One worthy note from Hull High: the main character, history teacher John Deerborn, was played by Will Lymon. Will now narrates those “Most Interesting Man In The World” Dos Equis commercials.
The TV Gods really wanted us to get up and dance in 1990. Not content to simply crap all over the police drama and high school genres, ABC also unleashed Elvis, a half-hour drama about the King of Rock ‘n Roll’s youth. It took ten episodes of miniscule audiences for the network to pull the plug on this mess, but they got a bit more mileage out of the idea by editing the episodes into a four-part miniseries.
Elvis was played by Michael St. Gerard, who had portrayed the King in the Jerry Lee Lewis bio-pic Great Balls Of Fire the year before, and would play him again on an episode of Quantum Leap a few years later. I found a few Elvis fans online who still fawn and drool over this show, so maybe there was something to it, at least for that handful of King-heads (or whatever Elvis fans are collectively called).
The Adventures Of Super Mario Bros. 3, for which Princess Peach apparently put on a few pounds, was not a third entry in a franchise but rather an animated series based on the third entry in a video game franchise. SMB3 was the hottest thumb-puncher on Nintendo’s flagship console in 1990, and as with anything else in the chum-bucket of popular culture, its franchise owners felt the need to whore it out to every conceivable platform.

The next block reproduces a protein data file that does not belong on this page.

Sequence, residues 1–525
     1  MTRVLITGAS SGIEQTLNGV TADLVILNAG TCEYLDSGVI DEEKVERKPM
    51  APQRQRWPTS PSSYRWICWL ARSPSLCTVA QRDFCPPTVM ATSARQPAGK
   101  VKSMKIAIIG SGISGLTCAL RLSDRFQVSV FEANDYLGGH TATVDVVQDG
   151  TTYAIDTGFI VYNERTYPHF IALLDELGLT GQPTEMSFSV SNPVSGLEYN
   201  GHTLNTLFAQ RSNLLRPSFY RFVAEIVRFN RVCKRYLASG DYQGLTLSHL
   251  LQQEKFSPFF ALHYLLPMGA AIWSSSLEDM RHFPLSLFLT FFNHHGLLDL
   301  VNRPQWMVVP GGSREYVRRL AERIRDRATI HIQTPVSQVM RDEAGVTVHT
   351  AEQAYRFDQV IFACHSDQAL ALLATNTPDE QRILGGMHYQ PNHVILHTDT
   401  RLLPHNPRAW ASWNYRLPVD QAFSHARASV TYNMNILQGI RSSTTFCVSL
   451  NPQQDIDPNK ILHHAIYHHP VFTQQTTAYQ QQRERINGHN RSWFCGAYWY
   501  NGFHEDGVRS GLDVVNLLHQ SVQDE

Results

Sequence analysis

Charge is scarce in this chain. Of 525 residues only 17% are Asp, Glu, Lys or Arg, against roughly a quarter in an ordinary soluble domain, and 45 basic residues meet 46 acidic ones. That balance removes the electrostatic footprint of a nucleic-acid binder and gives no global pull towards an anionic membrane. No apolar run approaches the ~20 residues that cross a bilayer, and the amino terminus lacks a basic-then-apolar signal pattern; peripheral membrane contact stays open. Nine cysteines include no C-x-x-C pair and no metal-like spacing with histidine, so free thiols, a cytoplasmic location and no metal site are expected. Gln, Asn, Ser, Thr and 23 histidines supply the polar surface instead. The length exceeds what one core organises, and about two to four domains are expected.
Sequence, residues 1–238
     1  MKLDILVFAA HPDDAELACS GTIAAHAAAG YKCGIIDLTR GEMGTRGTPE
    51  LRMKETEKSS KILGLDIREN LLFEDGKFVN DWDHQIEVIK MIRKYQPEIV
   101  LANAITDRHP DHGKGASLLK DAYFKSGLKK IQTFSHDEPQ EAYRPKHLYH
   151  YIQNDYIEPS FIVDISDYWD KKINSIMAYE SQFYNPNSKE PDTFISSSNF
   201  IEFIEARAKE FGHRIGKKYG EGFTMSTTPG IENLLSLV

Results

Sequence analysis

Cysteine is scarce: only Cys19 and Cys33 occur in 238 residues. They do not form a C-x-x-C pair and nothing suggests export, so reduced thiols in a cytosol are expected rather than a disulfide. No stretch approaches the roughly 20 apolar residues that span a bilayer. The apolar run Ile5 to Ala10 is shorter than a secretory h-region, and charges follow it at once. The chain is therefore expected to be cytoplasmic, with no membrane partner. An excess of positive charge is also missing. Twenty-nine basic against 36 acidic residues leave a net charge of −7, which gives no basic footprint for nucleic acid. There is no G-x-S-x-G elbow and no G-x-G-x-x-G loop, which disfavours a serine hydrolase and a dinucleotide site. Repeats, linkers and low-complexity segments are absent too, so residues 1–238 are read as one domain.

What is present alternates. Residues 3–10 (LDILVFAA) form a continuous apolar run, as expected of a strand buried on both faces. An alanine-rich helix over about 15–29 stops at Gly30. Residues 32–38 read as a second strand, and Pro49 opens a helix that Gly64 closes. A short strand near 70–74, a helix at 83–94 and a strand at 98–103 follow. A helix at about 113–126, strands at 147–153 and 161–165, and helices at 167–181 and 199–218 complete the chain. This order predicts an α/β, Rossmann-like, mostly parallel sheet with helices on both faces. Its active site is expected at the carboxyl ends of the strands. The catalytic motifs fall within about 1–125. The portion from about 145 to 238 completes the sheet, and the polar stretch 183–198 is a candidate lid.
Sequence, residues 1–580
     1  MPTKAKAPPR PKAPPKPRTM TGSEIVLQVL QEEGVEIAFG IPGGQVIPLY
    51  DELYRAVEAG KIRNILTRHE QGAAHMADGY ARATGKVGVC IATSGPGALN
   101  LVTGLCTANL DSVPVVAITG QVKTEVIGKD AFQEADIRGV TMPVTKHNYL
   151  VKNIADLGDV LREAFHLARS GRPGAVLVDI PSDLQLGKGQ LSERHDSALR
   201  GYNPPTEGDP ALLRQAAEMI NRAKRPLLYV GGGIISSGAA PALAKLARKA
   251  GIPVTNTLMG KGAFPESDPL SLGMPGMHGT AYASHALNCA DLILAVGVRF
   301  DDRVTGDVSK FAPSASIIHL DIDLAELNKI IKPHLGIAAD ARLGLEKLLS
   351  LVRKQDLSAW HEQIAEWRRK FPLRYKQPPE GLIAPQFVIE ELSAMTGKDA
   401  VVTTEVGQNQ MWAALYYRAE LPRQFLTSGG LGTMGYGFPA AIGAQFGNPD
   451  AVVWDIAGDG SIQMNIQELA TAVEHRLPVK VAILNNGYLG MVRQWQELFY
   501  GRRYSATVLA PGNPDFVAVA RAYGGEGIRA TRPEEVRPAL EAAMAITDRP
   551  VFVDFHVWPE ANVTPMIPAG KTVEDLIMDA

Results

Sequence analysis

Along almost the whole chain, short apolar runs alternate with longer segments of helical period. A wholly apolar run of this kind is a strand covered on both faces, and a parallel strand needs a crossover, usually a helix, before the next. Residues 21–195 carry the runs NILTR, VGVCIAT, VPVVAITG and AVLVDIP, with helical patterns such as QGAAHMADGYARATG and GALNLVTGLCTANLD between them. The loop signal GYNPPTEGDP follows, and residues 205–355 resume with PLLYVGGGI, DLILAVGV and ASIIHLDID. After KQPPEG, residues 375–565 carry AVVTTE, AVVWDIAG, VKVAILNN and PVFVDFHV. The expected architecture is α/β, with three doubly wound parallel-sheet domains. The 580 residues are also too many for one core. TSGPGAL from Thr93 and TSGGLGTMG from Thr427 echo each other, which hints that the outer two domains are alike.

I’ll admit to some bias here. By 1990, I wasn’t interested in Saturday morning cartoons apart from the Looney Tunes shorts, which are timeless and ageless. I was not the target audience for a show like this. But I remember watching Mario and Luigi hopping around London or Paris or something, and thinking there was absolutely nothing fun about this show. It even made me hate the video game a little.
CBS is not above reproach in 1990. They pinched out this little nugget of forgettable animated fare – Bill & Ted’s Excellent Adventures, based on the Keanu Reeves and that-other-guy movie from 1989. I chuckled like a hopped-up dental patient at the film, but even at my young and naïve age, I knew this cartoon was sell-out bullshit.
Kudos to CBS for scoring the film’s original cast for season one’s slate of 13 episodes, including George Carlin, who can redeem almost any rotten concept. For reasons that could only be related to poor lawyers securing weak contracts, a live series was being planned for the Fox network, so the original cast was yanked from season two of the cartoon. The animated series got cancelled, Bogus Journey had a tepid box office return, and the live series ran for seven crappy episodes in the summer of ’92, using the same scab cast from the cartoon’s second season. Some ideas are best when they stand alone, Hollywood.
Oh right… ABC also put out a cartoon based on the New Kids On The Block, probably because hey, the Beatles had one. Screw you, ABC. It’s really no wonder the fall of 1990 soured me on the assembly chute of network television.